The world’s largest oil importer, China, purchased 43.14 million tons of crude in October, equating to 10.2 million barrels per day, according to data released by the country’s customs service on Monday. October oil imports were 4% greater than in September and the highest since May.
In September, Beijing moved to boost the export of refined oil products by issuing a 15-million-ton annual quota, which could be rolled over into the first quarter.
According to tanker-tracking data compiled by Bloomberg, the impact of the move will continue to show up in crude import data for several months, with nearly 9.3 million barrels of oil per day sent to China in October, the highest since December 2021.
“China’s crude import growth is mostly triggered by export quota, with domestic demand still sluggish,” Emma Li, an analyst at Vortexa told the media, adding that the latest reduction in the official selling price of Saudi Arabian grades to Asian nations has also likely contributed to import growth.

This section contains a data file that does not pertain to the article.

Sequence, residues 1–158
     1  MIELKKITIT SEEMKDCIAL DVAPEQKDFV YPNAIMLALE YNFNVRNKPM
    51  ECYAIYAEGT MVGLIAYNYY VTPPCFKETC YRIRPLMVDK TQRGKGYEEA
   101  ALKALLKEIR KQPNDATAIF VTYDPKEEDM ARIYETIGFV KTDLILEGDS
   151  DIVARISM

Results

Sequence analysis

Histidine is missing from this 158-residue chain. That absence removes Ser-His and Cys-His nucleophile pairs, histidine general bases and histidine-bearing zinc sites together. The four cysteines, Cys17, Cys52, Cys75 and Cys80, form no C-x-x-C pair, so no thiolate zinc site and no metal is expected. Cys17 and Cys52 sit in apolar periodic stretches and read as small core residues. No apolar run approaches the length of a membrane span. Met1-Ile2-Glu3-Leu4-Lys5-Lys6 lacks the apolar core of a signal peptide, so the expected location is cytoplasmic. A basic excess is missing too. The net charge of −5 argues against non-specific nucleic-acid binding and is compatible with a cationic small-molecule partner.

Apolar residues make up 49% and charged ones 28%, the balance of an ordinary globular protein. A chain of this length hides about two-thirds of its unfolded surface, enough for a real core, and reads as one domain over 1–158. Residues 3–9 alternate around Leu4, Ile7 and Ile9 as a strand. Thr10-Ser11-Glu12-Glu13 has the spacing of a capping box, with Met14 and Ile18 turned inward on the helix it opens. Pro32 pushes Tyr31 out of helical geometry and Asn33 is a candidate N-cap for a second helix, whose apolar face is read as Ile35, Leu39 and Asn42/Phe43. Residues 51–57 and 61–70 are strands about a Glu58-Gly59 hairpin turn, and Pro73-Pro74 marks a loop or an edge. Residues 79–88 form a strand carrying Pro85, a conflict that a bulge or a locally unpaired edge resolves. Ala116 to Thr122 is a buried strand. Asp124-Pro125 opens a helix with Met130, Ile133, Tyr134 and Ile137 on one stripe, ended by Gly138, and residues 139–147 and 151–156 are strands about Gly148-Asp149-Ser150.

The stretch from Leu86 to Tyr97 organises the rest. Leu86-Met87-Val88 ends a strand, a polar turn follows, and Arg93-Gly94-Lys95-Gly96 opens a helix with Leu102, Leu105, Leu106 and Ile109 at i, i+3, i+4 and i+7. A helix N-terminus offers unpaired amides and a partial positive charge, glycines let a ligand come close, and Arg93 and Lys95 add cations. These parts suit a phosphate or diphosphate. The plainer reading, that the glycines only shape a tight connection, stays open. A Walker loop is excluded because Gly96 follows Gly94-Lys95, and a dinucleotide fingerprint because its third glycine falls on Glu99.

China’s net fuel exports dropped 43% in October compared to the previous month, according to separate data released on Monday.
The decline came as state-owned refiners ramped up activity during the month, according to industry consultant OilChem, as cited by Bloomberg.
Run rates were reportedly at 76.4% of capacity on November 3, the highest in seventh months. October imports were slightly above the 10 million-a-day level, the average recorded during the pre-pandemic period.
The drop in net fuel exports may reflect a lag effect, as it commonly takes refiners time to import crude oil, process it into diesel or gasoline, and then send it abroad.